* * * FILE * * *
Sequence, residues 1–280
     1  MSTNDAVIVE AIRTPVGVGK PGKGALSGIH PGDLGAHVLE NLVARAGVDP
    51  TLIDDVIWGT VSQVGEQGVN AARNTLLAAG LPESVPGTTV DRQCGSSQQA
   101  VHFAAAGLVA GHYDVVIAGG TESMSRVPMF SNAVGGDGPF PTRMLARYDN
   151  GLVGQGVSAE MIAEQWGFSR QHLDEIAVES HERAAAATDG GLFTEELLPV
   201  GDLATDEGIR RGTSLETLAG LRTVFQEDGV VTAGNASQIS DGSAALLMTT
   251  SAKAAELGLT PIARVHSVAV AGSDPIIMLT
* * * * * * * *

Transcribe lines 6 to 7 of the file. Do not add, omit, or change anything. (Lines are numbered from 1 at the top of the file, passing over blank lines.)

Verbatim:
   201  GDLATDEGIR RGTSLETLAG LRTVFQEDGV VTAGNASQIS DGSAALLMTT
   251  SAKAAELGLT PIARVHSVAV AGSDPIIMLT